Title:
THREADED COOLING APPARATUS WITH INTEGRATED COOLING CHANNELS AND HEAT EXCHANGER
Kind Code:
A1


Abstract:
A threaded cooling apparatus includes a head having a heat exchanger and a shaft having a threaded section configured to mechanically fasten the head to a structure. The heat exchanger is configured to exchange heat with a coolant flowing through the head. The shaft also includes first and second cooling channels. The first cooling channel is configured to deliver the coolant to the heat exchanger, and the second cooling channel is configured to exhaust the coolant from the heat exchanger. The apparatus may also include a first seal between the head and the structure that is configured to reduce or prevent coolant loss. The apparatus may further include a second seal that is configured to reduce or prevent coolant flow between the first and second cooling channels that bypasses the heat exchanger.



Inventors:
Koontz, Christopher R. (Manhattan Beach, CA, US)
Johnson, Scott T. (Torrance, CA, US)
Merhi, Shadi S. (Fullerton, CA, US)
Application Number:
13/691259
Publication Date:
06/05/2014
Filing Date:
11/30/2012
Assignee:
RAYTHEON COMPANY (Waltham, MA, US)
Primary Class:
International Classes:
F28F9/00
View Patent Images:



Primary Examiner:
WEILAND, HANS R.
Attorney, Agent or Firm:
Docket Clerk-Raytheon/MWM (Dallas, TX, US)
Claims:
What is claimed is:

1. A threaded cooling apparatus comprising: a head comprising a heat exchanger; and a shaft comprising a threaded section configured to mechanically fasten the head to a structure; wherein the heat exchanger is configured to exchange heat with a coolant flowing through the head; and wherein the shaft further comprises first and second cooling channels, the first cooling channel configured to deliver the coolant to the heat exchanger, the second cooling channel configured to exhaust the coolant from the heat exchanger.

2. The apparatus of claim 1, wherein the heat exchanger is configured to translate perpendicular to a surface of the structure based on rotation of the apparatus.

3. The apparatus of claim 1, further comprising: a first seal between the head and the structure, the first seal configured to reduce or prevent coolant loss.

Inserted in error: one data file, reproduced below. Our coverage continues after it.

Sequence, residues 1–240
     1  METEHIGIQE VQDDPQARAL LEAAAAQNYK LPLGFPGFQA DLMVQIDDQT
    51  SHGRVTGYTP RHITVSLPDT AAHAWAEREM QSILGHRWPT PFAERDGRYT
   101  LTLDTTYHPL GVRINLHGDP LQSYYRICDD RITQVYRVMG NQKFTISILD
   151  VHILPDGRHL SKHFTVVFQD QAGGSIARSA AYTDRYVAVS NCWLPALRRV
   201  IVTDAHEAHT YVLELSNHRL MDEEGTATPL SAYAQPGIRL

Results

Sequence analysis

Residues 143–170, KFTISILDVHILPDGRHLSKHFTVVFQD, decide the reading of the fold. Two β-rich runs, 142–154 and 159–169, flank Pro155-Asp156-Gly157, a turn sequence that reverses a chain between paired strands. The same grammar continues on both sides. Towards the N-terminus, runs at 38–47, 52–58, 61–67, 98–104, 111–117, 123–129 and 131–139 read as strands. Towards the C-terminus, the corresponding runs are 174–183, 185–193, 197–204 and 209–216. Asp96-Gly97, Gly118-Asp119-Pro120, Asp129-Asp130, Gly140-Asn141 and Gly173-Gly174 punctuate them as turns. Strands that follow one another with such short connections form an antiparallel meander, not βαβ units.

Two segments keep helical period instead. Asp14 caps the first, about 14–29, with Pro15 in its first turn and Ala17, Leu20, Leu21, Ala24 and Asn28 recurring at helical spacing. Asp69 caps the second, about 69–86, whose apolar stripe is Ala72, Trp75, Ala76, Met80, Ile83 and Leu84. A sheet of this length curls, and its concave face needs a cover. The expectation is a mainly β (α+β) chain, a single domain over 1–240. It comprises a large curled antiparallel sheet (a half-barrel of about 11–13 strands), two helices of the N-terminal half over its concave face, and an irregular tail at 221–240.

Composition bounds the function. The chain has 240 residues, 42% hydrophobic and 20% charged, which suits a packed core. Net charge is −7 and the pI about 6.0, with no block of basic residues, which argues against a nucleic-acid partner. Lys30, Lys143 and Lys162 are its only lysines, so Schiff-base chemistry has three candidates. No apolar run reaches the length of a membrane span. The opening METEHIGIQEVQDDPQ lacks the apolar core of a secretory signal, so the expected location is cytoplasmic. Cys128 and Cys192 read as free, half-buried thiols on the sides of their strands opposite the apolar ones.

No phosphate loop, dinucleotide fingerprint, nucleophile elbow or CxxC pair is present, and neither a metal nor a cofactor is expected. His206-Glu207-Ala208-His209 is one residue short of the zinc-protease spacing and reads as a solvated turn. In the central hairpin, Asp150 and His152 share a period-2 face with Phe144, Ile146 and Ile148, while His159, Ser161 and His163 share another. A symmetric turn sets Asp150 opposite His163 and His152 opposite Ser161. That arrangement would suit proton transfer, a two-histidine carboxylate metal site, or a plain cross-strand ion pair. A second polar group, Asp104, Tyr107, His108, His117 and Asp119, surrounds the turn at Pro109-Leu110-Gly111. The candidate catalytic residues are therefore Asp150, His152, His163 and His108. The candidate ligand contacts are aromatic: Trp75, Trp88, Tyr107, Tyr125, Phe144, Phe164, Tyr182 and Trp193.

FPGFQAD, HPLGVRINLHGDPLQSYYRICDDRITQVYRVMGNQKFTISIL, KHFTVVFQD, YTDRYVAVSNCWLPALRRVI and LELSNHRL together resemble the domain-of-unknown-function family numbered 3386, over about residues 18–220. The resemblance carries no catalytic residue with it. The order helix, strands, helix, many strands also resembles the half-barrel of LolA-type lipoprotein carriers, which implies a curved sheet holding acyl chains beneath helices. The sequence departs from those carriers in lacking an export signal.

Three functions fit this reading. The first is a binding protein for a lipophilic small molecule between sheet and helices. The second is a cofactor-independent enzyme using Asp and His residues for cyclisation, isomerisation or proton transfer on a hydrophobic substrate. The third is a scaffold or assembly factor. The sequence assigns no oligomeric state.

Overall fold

4. The apparatus of claim 3, further comprising: a second seal configured to reduce or prevent coolant flow between the first and second cooling channels that bypasses the heat exchanger.

5. The apparatus of claim 1, wherein the head and the shaft form a bolt.

6. The apparatus of claim 1, wherein the first cooling channel extends along an entire length of the shaft.

7. The apparatus of claim 1, wherein the first cooling channel extends along part but not all of a length of the shaft and is angled so that an entry to the first cooling channel is located along a side of the shaft.

8. The apparatus of claim 1, wherein the second cooling channel comprises a groove through at least part of the shaft.

9. A system comprising: a threaded cooling apparatus comprising: a head comprising a heat exchanger; and a shaft comprising a threaded section; wherein the heat exchanger is configured to exchange heat with a coolant flowing through the head; and wherein the shaft further comprises first and second cooling channels, the first cooling channel configured to deliver the coolant to the heat exchanger, the second cooling channel configured to exhaust the coolant from the heat exchanger; a manifold comprising first and second coolant channels, the first coolant channel configured to provide the coolant to the first cooling channel of the threaded cooling apparatus, the second coolant channel configured to return the coolant from the second cooling channel of the threaded cooling apparatus; wherein the threaded section is configured to mechanically fasten the head to the manifold.

10. The system of claim 9, wherein the heat exchanger is configured to translate perpendicular to a surface of the manifold based on rotation of the threaded cooling apparatus.

11. The system of claim 9, wherein the threaded cooling apparatus further comprises a first seal between the head and the manifold, the first seal configured to reduce or prevent coolant loss.